Abbey Road Online Mastering

January 30, 2014

gp0310_riffs_emi_nrTHE WORDS “ABBEY ROAD” BRING TO MIND A stream of iconic images that include the Beatles hard at work on their album of the same name and Pink Floyd tracking The Dark Side of the Moon. But the legendary facility—known as EMI Studios before 1970—has not only been where many great albums have been recorded, it is also where many of them have been mastered. Now Abbey Road has made it easy for mere mortals to have their albums mastered there, too, using the studio’s Online Mastering service.

“We decided to offer an alternative to our £175 hourly rate, to suit a wider range of customers,” explains Lucy Launder, Head of Mastering and Video Services. “At the hourly rate, the client can attend the session with the engineer of their choice, but with our online service they are charged a flat rate per song, and I allocate their job to one of our expert engineers. We are still able to honor specific requests, however; for example a classical project will be allocated to an engineer with more classical experience.” The online CD mastering rate is £90 per song—currently the equivalent of $149 U.S.—and vinyl pricing is based on disc format (7" or 12" single, or LP album).

Once you have registered at abbeyroadonlinemastering. com, you can upload up to 2GB of uncompressed WAV or AIFF files (16- or 24- bit/44.1kHz or higher) to a secure server. Users may log specific requests during the registration process, with follow-up communication via email if desired. Once the tracks have been mastered, which takes no longer than five working days, users receive notification that they are ready for download. Abbey Road includes a reference for listening, and the finished master is provided as either as a WAVfile, downloadable DDP Image file, or an audio PMCD. Vinyl is provided in the format requested.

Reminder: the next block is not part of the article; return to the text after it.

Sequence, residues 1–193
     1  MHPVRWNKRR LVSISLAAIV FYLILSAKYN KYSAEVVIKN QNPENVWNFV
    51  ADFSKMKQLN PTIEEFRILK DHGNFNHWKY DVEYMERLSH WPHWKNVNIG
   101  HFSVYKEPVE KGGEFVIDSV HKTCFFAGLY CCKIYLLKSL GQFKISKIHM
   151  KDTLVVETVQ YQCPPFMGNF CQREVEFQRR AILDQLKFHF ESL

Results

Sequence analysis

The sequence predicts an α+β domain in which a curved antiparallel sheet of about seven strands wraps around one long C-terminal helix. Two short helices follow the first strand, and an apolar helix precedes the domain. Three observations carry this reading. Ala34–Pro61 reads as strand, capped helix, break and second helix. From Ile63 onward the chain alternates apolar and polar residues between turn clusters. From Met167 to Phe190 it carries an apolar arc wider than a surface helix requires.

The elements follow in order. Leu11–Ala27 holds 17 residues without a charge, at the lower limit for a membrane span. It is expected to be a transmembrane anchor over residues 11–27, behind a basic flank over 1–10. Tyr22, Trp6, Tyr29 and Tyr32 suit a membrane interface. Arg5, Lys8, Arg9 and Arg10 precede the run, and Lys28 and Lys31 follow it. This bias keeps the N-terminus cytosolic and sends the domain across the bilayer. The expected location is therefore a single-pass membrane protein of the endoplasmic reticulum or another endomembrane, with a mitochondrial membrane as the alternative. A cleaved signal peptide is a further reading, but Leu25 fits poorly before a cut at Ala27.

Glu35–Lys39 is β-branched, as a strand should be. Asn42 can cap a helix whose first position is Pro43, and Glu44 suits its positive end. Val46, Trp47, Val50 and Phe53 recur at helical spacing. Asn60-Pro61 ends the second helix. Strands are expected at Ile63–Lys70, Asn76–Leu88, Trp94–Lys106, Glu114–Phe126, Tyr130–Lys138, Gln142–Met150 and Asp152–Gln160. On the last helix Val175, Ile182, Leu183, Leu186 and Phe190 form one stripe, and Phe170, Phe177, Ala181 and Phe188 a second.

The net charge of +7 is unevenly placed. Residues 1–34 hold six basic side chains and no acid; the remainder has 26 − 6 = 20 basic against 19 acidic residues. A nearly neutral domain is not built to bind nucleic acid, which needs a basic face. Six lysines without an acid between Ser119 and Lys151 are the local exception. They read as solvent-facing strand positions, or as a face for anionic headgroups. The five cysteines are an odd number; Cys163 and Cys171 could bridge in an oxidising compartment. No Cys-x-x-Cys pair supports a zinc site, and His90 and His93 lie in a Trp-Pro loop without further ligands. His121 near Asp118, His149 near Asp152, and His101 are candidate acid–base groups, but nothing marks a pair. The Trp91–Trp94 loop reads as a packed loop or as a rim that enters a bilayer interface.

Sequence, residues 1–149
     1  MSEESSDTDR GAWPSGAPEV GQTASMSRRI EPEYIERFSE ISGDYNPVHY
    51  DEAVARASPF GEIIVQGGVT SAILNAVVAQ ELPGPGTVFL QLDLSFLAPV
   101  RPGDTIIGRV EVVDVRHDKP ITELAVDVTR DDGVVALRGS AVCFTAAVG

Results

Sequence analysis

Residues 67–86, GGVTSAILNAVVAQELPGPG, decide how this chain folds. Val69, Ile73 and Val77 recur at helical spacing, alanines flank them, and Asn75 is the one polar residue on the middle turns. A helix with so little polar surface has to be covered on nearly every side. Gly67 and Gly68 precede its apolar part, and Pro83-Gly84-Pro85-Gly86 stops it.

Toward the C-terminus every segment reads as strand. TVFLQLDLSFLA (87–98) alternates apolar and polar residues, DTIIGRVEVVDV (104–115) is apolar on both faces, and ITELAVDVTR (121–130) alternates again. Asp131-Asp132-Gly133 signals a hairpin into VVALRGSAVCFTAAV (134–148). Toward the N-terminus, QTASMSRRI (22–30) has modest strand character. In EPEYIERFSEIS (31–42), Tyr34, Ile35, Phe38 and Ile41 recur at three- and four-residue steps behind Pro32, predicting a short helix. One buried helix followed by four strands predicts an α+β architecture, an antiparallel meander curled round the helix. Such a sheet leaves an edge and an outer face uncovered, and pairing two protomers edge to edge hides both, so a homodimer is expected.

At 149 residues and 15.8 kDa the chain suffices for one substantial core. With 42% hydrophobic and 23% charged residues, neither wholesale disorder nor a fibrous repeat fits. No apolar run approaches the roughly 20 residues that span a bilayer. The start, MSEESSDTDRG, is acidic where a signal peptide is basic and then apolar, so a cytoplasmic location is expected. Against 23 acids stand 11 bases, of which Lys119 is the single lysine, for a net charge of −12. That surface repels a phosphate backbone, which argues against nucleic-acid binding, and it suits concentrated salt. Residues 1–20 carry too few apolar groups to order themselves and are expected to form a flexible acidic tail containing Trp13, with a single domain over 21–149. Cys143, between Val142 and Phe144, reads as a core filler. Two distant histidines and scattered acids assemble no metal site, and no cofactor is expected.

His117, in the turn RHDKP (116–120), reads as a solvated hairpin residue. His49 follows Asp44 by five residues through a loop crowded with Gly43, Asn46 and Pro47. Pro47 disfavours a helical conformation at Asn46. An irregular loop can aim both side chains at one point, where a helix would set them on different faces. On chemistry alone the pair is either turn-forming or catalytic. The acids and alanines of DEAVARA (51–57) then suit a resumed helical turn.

gp0310_riffs_ars_nrThe abbeyroadonlinemastering.com homepage.

Abbey Road’s mastering suites feature vintage EMI TG 12410 analog mastering consoles and SADiE 5 PCM8 DAWs; Meyer and B&W monitors; Benchmark and Apogee converters; Prism Sound, Weiss, Junger, SPL, and TC Electronic outboard processors; CEDAR software plug-ins; and Neumann cutting lathes.

To demonstrate the process, Abbey Road mastered a track from my upcoming album, Hologramatron. I created an online account following the simple instructions and quickly uploaded a 24-bit/48kHz AIFF file. Veteran engineer Geoff Pesche mastered “Stars of Sayulita,” a track featuring vocals by Harry Manx and Deborah Holland, and relatively lush instrumentation that includes Moog Guitar and Robert Powell’s pedal- and lapsteel guitars.

Pesche used SADiE to play the digital audio into an Apogee Rosetta converter, and then routed the analog signal to the TG console for equalization. Compression and additional equalization were handled by Prism Sound Maselec MLA-2 and Maselec MEA-2 processors, before the audio was converted back to digital (via the Apogee) and finished off with a Junger accent2 hardware digital limiter.

The results? Expert use of compression and limiting increased the level dramatically without compromising the dynamic range—no mean feat— though other differences were difficult to detect. Visit guitarplayer.com to compare the unmastered and mastered versions of “Stars of Sayulita” for yourself, as well as to read an interview with Geoff Pesche in which he discusses his mastering philosophy.


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